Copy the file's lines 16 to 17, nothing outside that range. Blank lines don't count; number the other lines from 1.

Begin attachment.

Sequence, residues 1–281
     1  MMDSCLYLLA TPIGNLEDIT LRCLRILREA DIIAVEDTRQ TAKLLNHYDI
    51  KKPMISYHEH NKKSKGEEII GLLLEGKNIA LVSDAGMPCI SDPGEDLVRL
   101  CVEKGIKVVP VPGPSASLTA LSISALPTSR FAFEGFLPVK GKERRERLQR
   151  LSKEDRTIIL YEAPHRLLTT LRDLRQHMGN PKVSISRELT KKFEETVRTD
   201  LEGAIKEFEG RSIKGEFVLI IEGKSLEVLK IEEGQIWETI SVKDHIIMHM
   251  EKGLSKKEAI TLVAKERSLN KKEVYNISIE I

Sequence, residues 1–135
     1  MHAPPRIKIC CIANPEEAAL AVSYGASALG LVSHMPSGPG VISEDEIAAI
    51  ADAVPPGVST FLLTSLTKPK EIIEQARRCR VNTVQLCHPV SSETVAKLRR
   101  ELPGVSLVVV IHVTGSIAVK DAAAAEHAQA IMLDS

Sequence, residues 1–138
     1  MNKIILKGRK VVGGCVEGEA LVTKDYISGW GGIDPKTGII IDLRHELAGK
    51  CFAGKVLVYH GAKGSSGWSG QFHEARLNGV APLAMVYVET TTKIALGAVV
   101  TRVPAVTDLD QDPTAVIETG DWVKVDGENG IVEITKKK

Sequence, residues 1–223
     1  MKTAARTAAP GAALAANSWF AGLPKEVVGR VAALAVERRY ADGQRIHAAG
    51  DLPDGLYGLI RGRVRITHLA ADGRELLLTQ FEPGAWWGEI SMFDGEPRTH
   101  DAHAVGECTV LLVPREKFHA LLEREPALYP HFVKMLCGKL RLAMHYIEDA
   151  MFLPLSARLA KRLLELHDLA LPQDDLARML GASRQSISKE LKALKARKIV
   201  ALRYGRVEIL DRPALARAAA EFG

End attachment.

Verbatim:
Sequence, residues 1–223
     1  MKTAARTAAP GAALAANSWF AGLPKEVVGR VAALAVERRY ADGQRIHAAG